Left to right: Grandma Carolyn and her sisters Pauline and Phyllis
Nobody did the holidays quite like my Grandma Carolyn. On Easter she’d make a coconut bunny cake and decorate her mobile home with rabbits, ducks and colored eggs. On Christmas she was the first to put a tree and stockings up. On Thanksgiving she brought out her best china dishes and cooked for two days straight. I can still smell the turkey and mashed potatoes, all of that wonderful food simmering to the soundtrack of my cousins pounding on the piano in her living room. Her home was small, and yet somehow our whole family managed to squeeze around her table for every major holiday. She worked so hard to give us those cozy, yummy memories. I took it all for granted when I was a little girl; I figured it’s just what grandmas do. Now, looking back, I realize that all of her efforts helped to shape who I am. She is why I connect so much with food, family, and holiday traditions. My Grandma Carolyn is one of the big reasons why I cook.
Carolyn was born and raised near Big Springs, Nebraska. She was the great grandchild of Swedish immigrants who moved to Nebraska in the late 1800’s. Carolyn was a farmer’s daughter; growing up she and her sisters were taught how to can cherries and make noodles from scratch. Perhaps it was Grandma’s simple farm upbringing that taught her to appreciate the importance of a family meal. She took care with every detail, from the carefully styled appetizer plate to the warm rolls fresh from the oven to the opalescent glass butter dish. We chattered and laughed and ate far too much, always asking for seconds and even sometimes thirds. Grandma Carolyn genuinely cared about our experience at the dinner table, and it showed. She must have known that these were the memories we’d long for when we got older, too busy, too bogged down with life. These were the memories we would cherish.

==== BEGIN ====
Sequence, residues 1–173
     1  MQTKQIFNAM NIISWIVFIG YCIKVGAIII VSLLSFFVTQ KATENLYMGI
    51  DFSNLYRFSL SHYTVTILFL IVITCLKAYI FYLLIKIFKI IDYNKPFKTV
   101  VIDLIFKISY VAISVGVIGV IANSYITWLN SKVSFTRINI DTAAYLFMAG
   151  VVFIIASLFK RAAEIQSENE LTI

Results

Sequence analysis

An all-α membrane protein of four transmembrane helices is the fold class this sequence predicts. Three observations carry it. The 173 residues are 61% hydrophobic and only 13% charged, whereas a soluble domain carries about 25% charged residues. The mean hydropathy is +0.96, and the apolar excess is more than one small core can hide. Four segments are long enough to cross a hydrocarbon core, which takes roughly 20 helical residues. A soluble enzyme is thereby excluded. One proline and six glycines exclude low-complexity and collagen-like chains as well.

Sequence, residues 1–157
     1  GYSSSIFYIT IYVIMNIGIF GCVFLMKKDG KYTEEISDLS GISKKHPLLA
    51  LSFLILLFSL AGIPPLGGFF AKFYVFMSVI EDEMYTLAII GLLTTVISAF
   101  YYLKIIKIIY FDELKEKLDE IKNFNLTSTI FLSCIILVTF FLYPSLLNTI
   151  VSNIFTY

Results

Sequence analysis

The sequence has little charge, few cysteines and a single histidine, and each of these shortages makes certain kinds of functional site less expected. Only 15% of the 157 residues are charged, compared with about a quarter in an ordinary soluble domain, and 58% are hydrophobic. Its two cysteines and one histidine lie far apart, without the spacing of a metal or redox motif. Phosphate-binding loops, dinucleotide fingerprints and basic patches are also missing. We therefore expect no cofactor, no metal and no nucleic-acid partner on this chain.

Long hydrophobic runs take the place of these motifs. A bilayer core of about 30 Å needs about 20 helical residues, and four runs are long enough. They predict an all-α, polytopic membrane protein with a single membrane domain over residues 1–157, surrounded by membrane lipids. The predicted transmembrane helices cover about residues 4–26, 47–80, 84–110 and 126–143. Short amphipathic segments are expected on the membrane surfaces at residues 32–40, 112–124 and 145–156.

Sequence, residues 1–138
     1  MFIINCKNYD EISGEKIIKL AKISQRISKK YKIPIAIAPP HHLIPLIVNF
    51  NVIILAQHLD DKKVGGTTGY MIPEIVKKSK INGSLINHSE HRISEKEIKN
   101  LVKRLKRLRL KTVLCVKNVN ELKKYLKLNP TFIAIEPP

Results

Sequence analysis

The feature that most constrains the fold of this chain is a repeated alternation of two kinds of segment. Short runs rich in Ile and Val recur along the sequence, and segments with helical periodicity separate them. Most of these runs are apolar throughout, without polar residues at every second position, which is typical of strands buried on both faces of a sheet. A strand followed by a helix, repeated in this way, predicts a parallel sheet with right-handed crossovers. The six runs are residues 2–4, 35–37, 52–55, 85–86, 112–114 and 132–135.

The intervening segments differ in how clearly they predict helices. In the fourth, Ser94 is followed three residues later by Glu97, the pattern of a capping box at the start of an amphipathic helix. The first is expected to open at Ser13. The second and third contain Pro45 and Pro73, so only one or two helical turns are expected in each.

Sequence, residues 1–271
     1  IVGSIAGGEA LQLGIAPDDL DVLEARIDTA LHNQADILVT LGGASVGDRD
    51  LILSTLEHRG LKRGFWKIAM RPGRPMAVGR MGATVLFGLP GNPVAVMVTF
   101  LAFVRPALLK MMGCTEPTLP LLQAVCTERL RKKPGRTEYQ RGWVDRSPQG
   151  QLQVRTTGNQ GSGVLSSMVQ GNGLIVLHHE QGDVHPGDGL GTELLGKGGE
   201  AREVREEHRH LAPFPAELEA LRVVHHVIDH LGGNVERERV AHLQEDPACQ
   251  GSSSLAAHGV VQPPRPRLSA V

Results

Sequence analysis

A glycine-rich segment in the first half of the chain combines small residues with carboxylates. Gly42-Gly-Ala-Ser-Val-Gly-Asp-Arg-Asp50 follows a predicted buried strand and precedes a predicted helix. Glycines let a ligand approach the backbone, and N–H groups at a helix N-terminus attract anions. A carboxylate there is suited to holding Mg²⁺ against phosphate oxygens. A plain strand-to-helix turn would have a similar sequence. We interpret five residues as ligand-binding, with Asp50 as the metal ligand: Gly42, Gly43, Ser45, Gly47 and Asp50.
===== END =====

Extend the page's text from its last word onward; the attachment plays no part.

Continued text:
I wish I could have one more holiday with my Grandma Carolyn, one more chance to let her know how much she meant to me. She passed away a few years ago, far too soon. We had always thought she’d live to be over 100 like her mother, my great grandma. The universe had other plans, and we were left wondering how to heal our broken hearts. Losing a matriarch like my grandma leaves a gaping hole in the family structure. Who will host the Thanksgiving dinner? Who will bake the holiday cookies? Who will decorate the house with love and care? We must move on, energized by her spirit, creating new traditions inspired by the memories she gave to us.
Our holiday traditions are part of our identity. They keep us connected to our history from generation to generation. Each year we make new memories and traditions, new branches on our family tree of life. I cherish this cycle; it’s another reason why I cook, and why I share my food writing here. I want those memories for all of you, for your children and your families and your friends. Knowing that my recipes have somehow found their way into your homes, becoming a part of your own family traditions, stirs a peaceful joy deep inside of me.
This year, as the holidays approach, I am feeling grateful for so many things. Thank you all for welcoming me into your kitchens and making me a part of your holiday memories. You are why I cook.
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